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Rehabilitation Research and Practice
Volume 2018, Article ID 7172686, 8 pages
Research Article

Partial Body Weight-Supported Treadmill Training in Spinocerebellar Ataxia

1Post-Graduation Program in Rehabilitation Sciences, Augusto Motta University Center (UNISUAM), Rio de Janeiro, RJ, Brazil
2School of Physiotherapy, Federal Institute of Rio de Janeiro, Rio de Janeiro, RJ, Brazil
3Institute of Neurology Deolindo Couto, Federal University of Rio de Janeiro (UFRJ), Rio de Janeiro, RJ, Brazil
4Physical Education College of the Brazilian Army (EsEFEx), Rio de Janeiro, RJ, Brazil
5D’Or Institute for Research and Education (IDOR), Rio de Janeiro, RJ, Brazil

Correspondence should be addressed to Laura Alice Santos de Oliveira; moc.liamg@tf.arieviloarual

Received 24 August 2017; Revised 17 November 2017; Accepted 12 December 2017; Published 8 January 2018

Academic Editor: Velio Macellari

Copyright © 2018 Laura Alice Santos de Oliveira et al. This is an open access article distributed under the Creative Commons Attribution License, which permits unrestricted use, distribution, and reproduction in any medium, provided the original work is properly cited.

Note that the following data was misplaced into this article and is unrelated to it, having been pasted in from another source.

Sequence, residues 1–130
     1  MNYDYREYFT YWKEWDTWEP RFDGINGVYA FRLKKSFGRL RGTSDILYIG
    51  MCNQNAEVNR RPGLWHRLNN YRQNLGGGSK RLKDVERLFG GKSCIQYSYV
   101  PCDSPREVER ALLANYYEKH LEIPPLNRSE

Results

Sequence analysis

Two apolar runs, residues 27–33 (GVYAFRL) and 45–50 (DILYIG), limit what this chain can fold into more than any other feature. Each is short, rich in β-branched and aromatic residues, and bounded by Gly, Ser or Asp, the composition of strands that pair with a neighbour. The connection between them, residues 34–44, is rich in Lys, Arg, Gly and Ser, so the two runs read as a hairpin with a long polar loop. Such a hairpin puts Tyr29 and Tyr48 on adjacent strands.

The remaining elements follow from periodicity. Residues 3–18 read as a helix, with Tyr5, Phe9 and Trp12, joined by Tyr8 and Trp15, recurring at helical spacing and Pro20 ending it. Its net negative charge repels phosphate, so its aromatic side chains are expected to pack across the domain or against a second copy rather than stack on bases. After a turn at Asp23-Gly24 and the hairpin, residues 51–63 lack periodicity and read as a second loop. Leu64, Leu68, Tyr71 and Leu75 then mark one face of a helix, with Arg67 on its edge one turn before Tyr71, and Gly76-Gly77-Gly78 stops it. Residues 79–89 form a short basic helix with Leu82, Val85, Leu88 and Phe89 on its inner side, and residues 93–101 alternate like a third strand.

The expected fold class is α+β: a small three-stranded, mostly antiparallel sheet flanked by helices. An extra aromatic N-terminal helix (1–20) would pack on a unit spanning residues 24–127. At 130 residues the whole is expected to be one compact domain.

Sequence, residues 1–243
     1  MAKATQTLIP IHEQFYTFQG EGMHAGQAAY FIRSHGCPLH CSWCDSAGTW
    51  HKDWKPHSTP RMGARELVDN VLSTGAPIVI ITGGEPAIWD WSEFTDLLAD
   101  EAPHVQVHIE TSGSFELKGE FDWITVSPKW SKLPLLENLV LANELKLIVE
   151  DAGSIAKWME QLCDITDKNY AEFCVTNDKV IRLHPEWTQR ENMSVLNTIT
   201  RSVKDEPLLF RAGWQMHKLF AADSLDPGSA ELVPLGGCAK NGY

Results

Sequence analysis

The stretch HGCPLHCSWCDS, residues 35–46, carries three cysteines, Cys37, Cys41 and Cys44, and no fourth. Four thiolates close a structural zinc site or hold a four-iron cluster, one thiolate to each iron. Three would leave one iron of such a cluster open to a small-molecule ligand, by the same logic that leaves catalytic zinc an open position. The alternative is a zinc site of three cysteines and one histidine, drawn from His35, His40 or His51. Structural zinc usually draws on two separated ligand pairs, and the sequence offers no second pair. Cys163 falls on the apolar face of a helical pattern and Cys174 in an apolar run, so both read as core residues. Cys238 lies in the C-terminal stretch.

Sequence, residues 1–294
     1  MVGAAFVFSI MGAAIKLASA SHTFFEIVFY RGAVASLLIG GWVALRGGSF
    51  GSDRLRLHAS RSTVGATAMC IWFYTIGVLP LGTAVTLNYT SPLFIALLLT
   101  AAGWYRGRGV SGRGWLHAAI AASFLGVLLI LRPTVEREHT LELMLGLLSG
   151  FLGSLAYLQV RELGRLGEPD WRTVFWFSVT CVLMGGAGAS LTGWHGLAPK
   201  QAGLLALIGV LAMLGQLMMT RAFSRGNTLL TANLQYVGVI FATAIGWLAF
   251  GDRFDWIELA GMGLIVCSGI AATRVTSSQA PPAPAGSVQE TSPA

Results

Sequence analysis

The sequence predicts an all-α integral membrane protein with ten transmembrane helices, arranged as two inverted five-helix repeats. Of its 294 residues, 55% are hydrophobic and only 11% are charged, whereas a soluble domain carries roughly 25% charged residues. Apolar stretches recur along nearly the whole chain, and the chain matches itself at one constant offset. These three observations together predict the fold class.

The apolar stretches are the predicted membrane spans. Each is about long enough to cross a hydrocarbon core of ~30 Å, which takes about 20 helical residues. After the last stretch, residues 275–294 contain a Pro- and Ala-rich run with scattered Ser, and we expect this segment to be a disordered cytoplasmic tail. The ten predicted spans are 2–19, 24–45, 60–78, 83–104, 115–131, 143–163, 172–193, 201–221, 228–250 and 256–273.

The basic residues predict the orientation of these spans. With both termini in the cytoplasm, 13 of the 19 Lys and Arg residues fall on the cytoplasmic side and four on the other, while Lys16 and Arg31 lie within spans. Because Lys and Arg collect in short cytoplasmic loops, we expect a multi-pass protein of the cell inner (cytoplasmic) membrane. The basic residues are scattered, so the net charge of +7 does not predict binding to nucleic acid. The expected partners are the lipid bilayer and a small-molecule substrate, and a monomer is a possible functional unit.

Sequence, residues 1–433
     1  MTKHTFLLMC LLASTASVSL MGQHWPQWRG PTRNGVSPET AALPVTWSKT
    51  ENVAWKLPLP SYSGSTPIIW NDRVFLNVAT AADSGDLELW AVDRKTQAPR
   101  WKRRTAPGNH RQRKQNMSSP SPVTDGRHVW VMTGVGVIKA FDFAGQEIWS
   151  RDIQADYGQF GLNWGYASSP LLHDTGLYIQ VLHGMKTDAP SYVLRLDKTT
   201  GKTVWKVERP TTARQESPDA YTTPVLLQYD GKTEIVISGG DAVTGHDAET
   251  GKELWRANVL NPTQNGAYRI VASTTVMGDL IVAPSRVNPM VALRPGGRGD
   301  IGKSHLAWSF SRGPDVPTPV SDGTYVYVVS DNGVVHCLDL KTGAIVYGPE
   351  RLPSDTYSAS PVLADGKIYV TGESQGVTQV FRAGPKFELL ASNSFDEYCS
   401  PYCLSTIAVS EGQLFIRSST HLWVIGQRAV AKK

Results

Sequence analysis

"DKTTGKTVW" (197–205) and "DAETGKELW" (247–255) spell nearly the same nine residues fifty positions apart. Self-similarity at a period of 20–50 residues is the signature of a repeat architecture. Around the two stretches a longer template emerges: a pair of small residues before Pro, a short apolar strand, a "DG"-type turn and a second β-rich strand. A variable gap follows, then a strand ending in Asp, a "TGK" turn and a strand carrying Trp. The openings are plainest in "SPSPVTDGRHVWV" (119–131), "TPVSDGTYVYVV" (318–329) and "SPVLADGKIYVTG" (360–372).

Background and Purpose. The motor impairments related to gait and balance have a huge impact on the life of individuals with spinocerebellar ataxia (SCA). Here, the aim was to assess the possibility of retraining gait, improving cardiopulmonary capacity, and challenging balance during gait in SCA using a partial body weight support (BWS) and a treadmill. Also, the effects of this training over functionality and quality of life were investigated. Methods. Eight SCA patients were engaged in the first stage of the study that focused on gait training and cardiovascular conditioning. From those, five took part in a second stage of the study centered on dynamic balance training during gait. The first and second stages lasted 8 and 10 weeks, respectively, both comprising sessions of 50 min (2 times per week). Results. The results showed that gait training using partial BWS significantly increased gait performance, treadmill inclination, duration of exercise, and cardiopulmonary capacity in individuals with SCA. After the second stage, balance improvements were also found. Conclusion. Combining gait training and challenging tasks to the postural control system in SCA individuals is viable, well tolerated by patients with SCA, and resulted in changes in capacity for walking and balance.